I love to read. Books present different aspects of a topic that you won’t necessarily find in other medium. We watch the fights; follow social media accounts; and train at different gyms. But even with the most physical and experiential activities, I find that Muay Thai books offer additional insights that I may not get during training.
The majority of Thai fighters are born into the sport due to poverty. With very limited access to education, Muay Thai fighters are often not the most literary people.
There is a very limited range of literary selection on Muay Thai even in the Thai language. Other than weekly Muay Thai magazines (e.g. Muay Siam), you can hardly find any biographical books detailing the lives of native Thai fighters whose stories are often dramatic and fascinating.
As the sport becomes increasingly global, there are now more Western fighters who blog and write about their experience training Muay Thai. This is a blessing for practitioners around the world who may not have the luxury of training in Thailand or under experienced-qualified trainers.
Best Muay Thai Books
If you are a book lover like me or just looking to expand your knowledge of the sport, check out my list of the best Muay Thai books below:
Muay Thai Basics by Christopher Delp
Instructional books are the most common genre that you will find on Muay Thai. I have gone through quite a number of them at my local library and found the trilogy of books by German Nak Muay, Christoph Delp to be the most comprehensive.
As the title suggests, the book covers basic techniques but also good topics on Thai culture and Muay Thai rituals.
It is a comprehensive book on basic Thai boxing techniques explained in a way that a beginner can easily understand. This is a great supplement to training, covering details of techniques that might not be covered in class.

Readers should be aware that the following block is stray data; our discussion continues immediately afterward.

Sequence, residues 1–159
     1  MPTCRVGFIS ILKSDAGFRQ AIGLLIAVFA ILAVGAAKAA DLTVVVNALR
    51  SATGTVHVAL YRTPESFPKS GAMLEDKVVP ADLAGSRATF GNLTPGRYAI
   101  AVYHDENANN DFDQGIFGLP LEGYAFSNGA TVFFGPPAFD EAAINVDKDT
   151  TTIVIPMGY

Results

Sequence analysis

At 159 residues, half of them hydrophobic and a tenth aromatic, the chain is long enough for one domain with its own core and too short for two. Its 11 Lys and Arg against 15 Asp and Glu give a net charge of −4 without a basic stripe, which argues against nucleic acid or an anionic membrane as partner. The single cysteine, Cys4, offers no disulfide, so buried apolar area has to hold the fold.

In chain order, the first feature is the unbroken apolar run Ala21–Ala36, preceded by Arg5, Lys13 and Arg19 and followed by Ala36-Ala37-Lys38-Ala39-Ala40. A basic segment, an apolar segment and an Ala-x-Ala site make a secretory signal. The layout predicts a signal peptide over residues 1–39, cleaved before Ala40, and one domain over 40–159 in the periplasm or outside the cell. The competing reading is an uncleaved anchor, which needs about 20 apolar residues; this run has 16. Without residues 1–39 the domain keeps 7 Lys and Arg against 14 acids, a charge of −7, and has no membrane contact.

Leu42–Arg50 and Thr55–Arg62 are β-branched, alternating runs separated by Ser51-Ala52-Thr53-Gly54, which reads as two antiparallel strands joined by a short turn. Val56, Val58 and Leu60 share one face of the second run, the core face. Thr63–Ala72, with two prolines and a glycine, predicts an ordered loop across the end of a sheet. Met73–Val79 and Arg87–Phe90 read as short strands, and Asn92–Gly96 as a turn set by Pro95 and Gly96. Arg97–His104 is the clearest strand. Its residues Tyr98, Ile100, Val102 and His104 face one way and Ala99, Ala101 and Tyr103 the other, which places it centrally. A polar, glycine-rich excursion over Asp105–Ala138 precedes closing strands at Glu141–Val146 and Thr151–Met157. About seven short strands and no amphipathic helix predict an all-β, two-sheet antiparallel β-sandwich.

Although written by a foreigner, the books are no McDojo martial arts masquerading under the guise of Muay Thai. The author has actually spent a number of years training and competing in Thailand. He has also roped in several top fighters of the time as models in the book.
Muay Thai Basics appeal to beginners to the sport while Delp’s subsequent 2 books in the series go in depth on how to train and get the most of your training.
They are not to be taken as the bible of Muay Thai training and it’s best to learn through actual practice in the gym under a qualified trainer. However, for home study to supplement the training at the gym, these are truly the best in the market.
NOTE: Delp has a Udemy video course based on the books. Check out my review here.
Muay Thai, Peace At Last by Michael Goodison
With more foreigners coming to Thailand to train and compete, there is now a small selection of books that offer a western perspective on Muay Thai. This right here, is my favorite.
Muay Thai, Peace at Last is a real-life account of the author’s one-month stay in Chiang Mai, Thailand, training Muay Thai that culminated with a fight at the Loi Kroh Stadium.
Part fight literature, part travel story; part spiritual, part humor; it is an exhilarating ride to live the Muay Thai experience vicariously through Goodison’s writing.
For me, what I find most captivating about Goodison’s writing is his candidness and genuineness that really comes through as he openly shares his thoughts. The book also gives offers insights and tips for fighters interested to travel and train Muay Thai in the Motherland.
This is not an exploration into the sport nor does it share any deep insights but it is an absolute page-turner that I just can’t recommend enough.
The Boxer’s Soliloquy by Matt Lucas
Another book that is set against the backdrop of Thailand Muay Thai is “The Boxer’s Soliloquy” by American fighter/journalist/sports commentator, Matt Lucas.
The book is a collection of fifteen interrelated short stories based around Muay Thai featuring characters that are likely inspired by real-life friends of the author or even himself.